If you’re ready to shop for electric cars, you’re in the right place. Our editors have driven nearly every new EV that’s currently on sale, and we’d love to help steer you in the right direction. After all, it’s not just Tesla selling EVs these days. There are various kinds of electric cars, and some may suit you better than others. But how are you supposed to choose the best one?
We can’t tell you exactly which EV is right for your life, but we can narrow your choices down. Do you want something cheaper and with a more limited range, or do you want to pony up some cash for luxury features and enough range for charge-free road trips?
We’ve driven just about every permutation of every current-production electric vehicle in the US today, so at Carexplainer cars we have a better-than-average view of what’s good and what’s not in EVs right now.
2023 Hyundai IONIQ 5
With a bit of eight-bit 1980s design mixed with some really impressive new-era electrification, the Hyundai Ioniq 5 dazzles as a fast-charging SUV with good range. Line-ups range from a 168-hp, single-engine, rear-wheel-drive Ioniq 5 with an EPA-estimated range of 220 miles to a 320-hp, twin-engine, all-wheel-drive with an estimated range of 256 miles.
The long-range, single-motor, rear-wheel drive model with a range of 303 miles is among the longest-traveling EVs selling for under $60,000 today. However, its 350kW DC fast charging capacity is the real hero, enabling charging speeds as fast as far more expensive and luxurious EVs like the Porsche Taycan and Lucid Air.
Inside the Ioniq 5 there’s plenty of room, with more space for the rear passengers as in both the Ford Mustang Mach-E and the Volkswagen ID.4. With a wide price range and availability, the Ioniq 5 is a compelling choice for anyone taking the first step into electric vehicle ownership.
2023 Kia EV6
The 2023 Kia EV6 is the company’s first dedicated EV, and the striking crossover is built on the same Electric-Global Modular Platform (E-GMP) that will underpin a slew of new Kia EVs. With an estimated range of up to 310 miles and quick charging rates thanks to its 800-volt architecture, the EV6 is an example of the expanding choices and capabilities of the latest electric vehicles.
It also offers two different batteries, rear- or all-wheel drive, and between 167 and 576 horsepower. The latter applies to the range-topping EV6 GT, which allegedly can accelerate from zero to 60 mph in under 3.5 seconds.
The 2023 Kia EV6 has a $40,900 starting price. That’s about average for an electric SUV, and it’s roughly on par with rivals like the Volkswagen ID. 4 and Ford Mustang Mach-E, as well as Kia’s own Niro EV.
The Lucid Air luxury sedan promises beautiful appointments in a sleek all-electric package. Additionally, the sedan boasts thrilling acceleration and an estimated top speed of 217 mph. As we’d expect of a Tesla-rivaling brand, Lucid promises that it will offer autonomous and semi-autonomous driving technologies with the Air.
A Lucid Air Grand Touring we tested delivered 800 hp, 885 lb-ft of torque, and an impressive 0-60 mph time of 3.0 seconds. Lucid also announced the Grand Touring Performance model, which lays down 1,050 hp and 921 lb-ft.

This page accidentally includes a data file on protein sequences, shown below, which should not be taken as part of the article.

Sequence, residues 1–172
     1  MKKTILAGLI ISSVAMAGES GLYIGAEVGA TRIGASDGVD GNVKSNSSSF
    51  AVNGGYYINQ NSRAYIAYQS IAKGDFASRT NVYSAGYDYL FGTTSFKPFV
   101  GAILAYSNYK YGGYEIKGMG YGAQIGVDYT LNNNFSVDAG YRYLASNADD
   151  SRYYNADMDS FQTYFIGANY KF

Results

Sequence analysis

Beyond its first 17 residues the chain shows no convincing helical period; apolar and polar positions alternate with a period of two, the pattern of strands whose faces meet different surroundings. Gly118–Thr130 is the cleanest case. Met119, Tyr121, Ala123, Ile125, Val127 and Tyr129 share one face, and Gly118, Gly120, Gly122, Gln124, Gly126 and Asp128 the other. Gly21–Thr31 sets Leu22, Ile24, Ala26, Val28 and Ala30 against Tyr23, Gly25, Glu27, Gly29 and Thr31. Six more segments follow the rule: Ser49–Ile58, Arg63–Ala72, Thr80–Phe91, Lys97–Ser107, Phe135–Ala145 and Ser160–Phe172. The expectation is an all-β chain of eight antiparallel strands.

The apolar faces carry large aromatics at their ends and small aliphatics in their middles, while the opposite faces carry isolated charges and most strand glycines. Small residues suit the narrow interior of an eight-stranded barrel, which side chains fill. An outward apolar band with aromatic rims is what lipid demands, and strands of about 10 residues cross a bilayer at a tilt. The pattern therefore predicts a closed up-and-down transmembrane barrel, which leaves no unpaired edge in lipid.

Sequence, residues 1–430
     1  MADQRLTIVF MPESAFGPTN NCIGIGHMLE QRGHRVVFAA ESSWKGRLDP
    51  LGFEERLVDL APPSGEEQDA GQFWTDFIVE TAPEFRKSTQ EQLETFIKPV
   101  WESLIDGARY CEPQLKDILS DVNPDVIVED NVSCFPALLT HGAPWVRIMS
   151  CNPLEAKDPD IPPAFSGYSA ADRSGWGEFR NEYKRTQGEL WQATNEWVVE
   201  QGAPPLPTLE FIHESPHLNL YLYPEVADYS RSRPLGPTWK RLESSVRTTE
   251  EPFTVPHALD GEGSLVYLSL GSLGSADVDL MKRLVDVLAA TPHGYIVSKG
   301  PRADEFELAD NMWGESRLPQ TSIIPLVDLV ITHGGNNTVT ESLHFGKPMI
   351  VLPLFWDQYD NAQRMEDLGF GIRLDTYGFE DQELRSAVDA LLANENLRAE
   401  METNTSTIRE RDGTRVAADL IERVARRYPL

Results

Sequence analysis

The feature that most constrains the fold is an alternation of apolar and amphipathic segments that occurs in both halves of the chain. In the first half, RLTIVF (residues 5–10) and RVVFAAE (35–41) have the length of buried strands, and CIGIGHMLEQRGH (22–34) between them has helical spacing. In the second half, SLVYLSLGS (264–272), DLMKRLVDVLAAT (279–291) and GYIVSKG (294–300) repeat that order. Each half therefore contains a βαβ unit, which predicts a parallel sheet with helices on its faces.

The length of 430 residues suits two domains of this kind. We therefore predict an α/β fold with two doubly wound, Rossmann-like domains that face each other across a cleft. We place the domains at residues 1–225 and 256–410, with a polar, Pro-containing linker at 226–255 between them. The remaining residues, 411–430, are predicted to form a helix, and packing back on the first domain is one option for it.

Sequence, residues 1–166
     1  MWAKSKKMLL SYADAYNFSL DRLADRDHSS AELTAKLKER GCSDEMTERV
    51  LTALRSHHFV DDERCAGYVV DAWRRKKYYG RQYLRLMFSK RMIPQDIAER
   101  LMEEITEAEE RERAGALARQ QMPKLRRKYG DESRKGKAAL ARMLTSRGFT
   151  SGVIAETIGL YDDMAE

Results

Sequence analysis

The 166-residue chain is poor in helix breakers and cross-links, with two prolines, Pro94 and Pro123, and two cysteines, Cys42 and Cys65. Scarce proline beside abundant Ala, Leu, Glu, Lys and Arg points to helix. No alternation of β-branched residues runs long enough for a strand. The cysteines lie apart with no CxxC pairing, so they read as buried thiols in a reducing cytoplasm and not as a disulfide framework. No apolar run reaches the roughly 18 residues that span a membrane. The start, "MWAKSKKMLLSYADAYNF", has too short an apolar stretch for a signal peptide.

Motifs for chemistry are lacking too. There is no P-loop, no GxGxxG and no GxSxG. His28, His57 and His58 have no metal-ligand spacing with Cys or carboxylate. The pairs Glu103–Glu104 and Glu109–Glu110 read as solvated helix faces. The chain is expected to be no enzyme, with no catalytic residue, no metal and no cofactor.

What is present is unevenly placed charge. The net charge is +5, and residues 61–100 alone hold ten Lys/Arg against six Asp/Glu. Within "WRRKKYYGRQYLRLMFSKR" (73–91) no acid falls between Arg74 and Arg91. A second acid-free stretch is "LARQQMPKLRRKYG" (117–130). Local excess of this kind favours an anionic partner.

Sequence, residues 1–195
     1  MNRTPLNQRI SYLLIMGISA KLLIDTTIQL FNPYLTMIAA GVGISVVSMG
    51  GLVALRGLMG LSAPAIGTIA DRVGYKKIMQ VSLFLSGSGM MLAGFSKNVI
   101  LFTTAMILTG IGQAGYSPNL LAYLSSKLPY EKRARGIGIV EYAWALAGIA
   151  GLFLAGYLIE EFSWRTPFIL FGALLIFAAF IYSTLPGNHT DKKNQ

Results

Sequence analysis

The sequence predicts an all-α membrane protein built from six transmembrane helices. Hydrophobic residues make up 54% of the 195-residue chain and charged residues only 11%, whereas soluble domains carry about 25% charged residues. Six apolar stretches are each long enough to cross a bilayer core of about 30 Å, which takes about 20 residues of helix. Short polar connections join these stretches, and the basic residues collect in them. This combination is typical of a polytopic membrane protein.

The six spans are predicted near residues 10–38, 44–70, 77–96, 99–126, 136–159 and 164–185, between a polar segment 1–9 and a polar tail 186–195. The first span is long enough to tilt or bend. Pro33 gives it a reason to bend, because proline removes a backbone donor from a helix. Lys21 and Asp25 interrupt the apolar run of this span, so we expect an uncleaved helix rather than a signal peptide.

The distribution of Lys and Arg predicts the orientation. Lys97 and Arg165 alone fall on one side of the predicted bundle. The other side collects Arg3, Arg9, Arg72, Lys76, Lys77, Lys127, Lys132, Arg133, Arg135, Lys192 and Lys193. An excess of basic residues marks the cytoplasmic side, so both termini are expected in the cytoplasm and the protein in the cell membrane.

The Dream Edition Range model should go for 520 miles on a single charge, while the Dream Edition Performance should travel about 471 miles. The price for the new Lucid Air Grand Touring Performance model, announced just two weeks ago, will remain at $179,000.
In addition to the conventional five-seat layout, the 2023 Lucid Air will be available with an executive rear seat package featuring two separate bucket seats that recline 55 inches. The dash features a three-screen layout, including a digital gauge cluster instead of a conventional analog one.
Lucid’s multimedia interface has an artificial intelligence system that recognizes natural speech and can detect someone talking even in the rear seats.
Tesla Model 3
The Model 3 offers an immersive driving experience compared to other non-luxury EVs. Its minimalist interior design feels chic, modern, and upscale. The rear-wheel drive layout and powerful electric motor also ensure natural sportiness and faster acceleration than anything else in its price range. If you’re in the market for an electric vehicle, the Model 3 is practically unbeatable for the price.
Range is an impressive 358 miles per charge in the medium, long-range trim, eliminating the need to charge the Model 3 every day. At around $41,500, the rear-wheel drive Model 3 Standard Range Plus is the cheapest Tesla you can buy. Dual-motor AWD variants start at about $51,500 for the Model 3 Long Range or about $58,500 for a Model 3 Performance.
There are three variants of the Model 3: Standard Range Plus, Long Range, and Performance. The entry-level Standard Range Plus models feature a single rear engine and rear-wheel drive, while the other two Model 3s feature dual engines and all-wheel drive. The Standard Range cars operate on a 54kWh battery, but if you opt for one of the twin-engine variants these models get an 82kWh unit.
Looking at the performance numbers, Tesla claims 0-60 mph in 5.3 seconds for the Standard Range Plus, 4.2 seconds for the Long Range, and 3.1 seconds for the Model 3 Performance.
Ford Mustang Mach-E
The 2023 Ford Mustang Mach-E is an electric SUV that bears the Mustang name and styling inspired by the iconic sports car. However, it has all the practicality of a crossover SUV with a roomy, high-tech interior. This SUV also has the performance to live up to its name, especially in the GT models that achieve a 0-60 mph time as quick as 3.5 seconds.
Pricing for the 2023 Ford Mustang Mach-E starts at $43,895 for the base Select rear-wheel-drive model. The top GT Performance Edition starts at $67,995.
The 2023 Mustang Mach-E has an EPA-estimated range of between 211 and 305 miles, depending on the battery pack and type of electric motors, which isn’t nearly as impressive as the rangiest Tesla models.
The range-topping Mustang Mach-E with rear-wheel drive and the extended range battery boasts an EPA-estimated range of 305 miles. The all-wheel-drive version with the extended battery has an estimated driving range of 270 miles.
Tesla Model Y
This is the Model Y, Tesla’s smaller, cheaper sibling to the Model X SUV. Tesla introduced it as a new nameplate in 2020 and we’re not expecting any significant changes for 2023, unless the automaker decides to add the yoke steering wheel and updated interior from the recent Model S/X refresh.